With "green" being all the rage the last few years, it's no wonder environmental issues have become so mainstream. But media savvy and socially responsible feminists know that environmentalism and ecofeminism are not new ideas, even as many of the relationships between the planet and women's rights become more salient as the earth warms and we suffer the effects. In the next weeks, I'll be looking at a variety of intersecting issues including the human cost of chocolate, the use of fur in northern climates and indigenous cultures, soy and soybean farming, nuclear power's environmental effects, ideas for carbon-free transit, the links between racism and animal oppression, and how you can be a pro-choice vegan.
Did anyone else notice the bizarre sexism during the commercial breaks on last night's episode of Mad Men? I can accept that a healthy dose of douchiness comes with the territory when I decide to watch currently airing episodes of a show instead of waiting for it to come out on DVD, but I honestly felt creeped out by how skewed all of last night's ads were toward a male (and sexist) audience. Could it be that, because the show itself portrays a stylized hypermasculinity, advertisers are missing the context and coming up with campaigns to try and match Mad Men's outdated sexism?
I saw ads for (and this is just what I can remember): Lipitor, Viagra, NFL Sunday Ticket, and more, all aimed at middle-aged men who I didn't think were following Peggy Olsen's rise to the top all that closely. Oh, and let us not forget this gem, from Clorox:
Because, you know, sometimes even MEN do the laundry! And Clorox apparently dragged that ad out of its archives (here is a Feministing post on it from two years ago) just for Mad Men. WTF?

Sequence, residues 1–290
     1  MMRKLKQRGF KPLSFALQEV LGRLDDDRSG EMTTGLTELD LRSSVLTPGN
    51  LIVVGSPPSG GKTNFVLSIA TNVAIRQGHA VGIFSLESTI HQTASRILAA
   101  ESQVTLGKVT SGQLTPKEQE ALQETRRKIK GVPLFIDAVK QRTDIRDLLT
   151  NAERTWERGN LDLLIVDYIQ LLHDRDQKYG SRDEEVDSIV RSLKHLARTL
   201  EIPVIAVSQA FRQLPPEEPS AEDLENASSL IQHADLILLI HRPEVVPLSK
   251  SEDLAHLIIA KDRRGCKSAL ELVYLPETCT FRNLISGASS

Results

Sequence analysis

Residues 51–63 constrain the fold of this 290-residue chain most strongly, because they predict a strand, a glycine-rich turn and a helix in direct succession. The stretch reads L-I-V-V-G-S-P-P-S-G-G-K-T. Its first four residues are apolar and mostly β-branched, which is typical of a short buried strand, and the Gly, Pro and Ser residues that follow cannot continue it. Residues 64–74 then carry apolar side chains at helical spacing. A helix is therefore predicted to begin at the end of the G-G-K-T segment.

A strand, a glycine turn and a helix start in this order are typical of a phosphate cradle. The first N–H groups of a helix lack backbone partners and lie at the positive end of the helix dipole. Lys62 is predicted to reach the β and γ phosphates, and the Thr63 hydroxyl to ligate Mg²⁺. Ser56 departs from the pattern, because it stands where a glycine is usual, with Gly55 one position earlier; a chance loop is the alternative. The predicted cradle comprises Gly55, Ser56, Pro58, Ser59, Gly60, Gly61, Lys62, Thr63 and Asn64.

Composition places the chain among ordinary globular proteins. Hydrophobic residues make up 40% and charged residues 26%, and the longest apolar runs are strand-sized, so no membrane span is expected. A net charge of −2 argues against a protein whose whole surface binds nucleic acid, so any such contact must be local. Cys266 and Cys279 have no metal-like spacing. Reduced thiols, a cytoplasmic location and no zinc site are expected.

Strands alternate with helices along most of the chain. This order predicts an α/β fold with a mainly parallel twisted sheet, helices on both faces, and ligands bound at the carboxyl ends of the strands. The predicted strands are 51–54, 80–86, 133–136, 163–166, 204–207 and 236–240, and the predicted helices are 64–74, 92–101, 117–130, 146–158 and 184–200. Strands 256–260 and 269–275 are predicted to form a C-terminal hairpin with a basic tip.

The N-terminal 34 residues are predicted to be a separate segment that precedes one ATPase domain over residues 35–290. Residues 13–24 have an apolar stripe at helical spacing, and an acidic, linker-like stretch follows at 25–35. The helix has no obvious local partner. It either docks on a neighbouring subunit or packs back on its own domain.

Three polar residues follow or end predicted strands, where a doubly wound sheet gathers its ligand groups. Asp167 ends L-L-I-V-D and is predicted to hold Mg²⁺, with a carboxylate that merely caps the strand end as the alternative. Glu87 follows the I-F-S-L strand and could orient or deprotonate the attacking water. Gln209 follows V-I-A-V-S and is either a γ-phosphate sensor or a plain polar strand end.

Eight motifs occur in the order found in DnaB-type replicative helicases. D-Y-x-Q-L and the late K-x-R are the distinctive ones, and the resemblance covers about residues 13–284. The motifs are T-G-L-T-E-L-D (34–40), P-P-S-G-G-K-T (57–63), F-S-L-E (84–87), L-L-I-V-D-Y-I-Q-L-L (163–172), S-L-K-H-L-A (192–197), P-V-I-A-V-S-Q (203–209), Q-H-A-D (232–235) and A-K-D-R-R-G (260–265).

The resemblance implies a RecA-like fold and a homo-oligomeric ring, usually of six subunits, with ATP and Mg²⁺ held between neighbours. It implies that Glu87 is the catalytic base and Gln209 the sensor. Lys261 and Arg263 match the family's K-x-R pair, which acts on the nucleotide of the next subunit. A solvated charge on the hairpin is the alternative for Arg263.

I admit that when I heard Mad Men was going to premiere just as I was starting this TV guestblogging gig in the otherwise rather deserted month of August, I breathed a sigh of relief. If there is one television show that not a one of my communist, death-panel-supporting, child-killing liberal feminist friends is ashamed to admit to loving, it is Mad Men.Mad Men, in short, has an acceptable television pedigree. In my particular case, and I am not kidding about this, I started watching it because it was recommended to me by none other than Joyce Carol Goddamn Oates at a talk I attended a long time ago at the NYPL. Talk about your "I-don't-even-have-a-tv" bookworm street cred. And Feminist bloggers love Mad Men too. In fact, it's just about the only television show that gets universal coverage in the feminist blogosphere, and all week, everybody's been gearing up for the Big Event. DoubleX is live-tweeting it. Some other prominent feminist bloggers, including Pandagon's Amanda Marcotte, are having a salon about it at RHRealityCheck. And pretty much everyone I know who loves Mad Men loves to talk about how very, very feminist it feels to have so many nuanced portrayals of women on a single television show.
I, too, think that there is a lot of feminist merit in Mad Men - more on that in a second post this weekend, and I'll have thoughts on the premiere next week, it's gonna be a Mad Men heavy guestblogging experience - but I find it really problematic as a show to recommend to people who aren't feminists, or who aren't, at the very least, what I would call ready for a serious discussion of gender roles.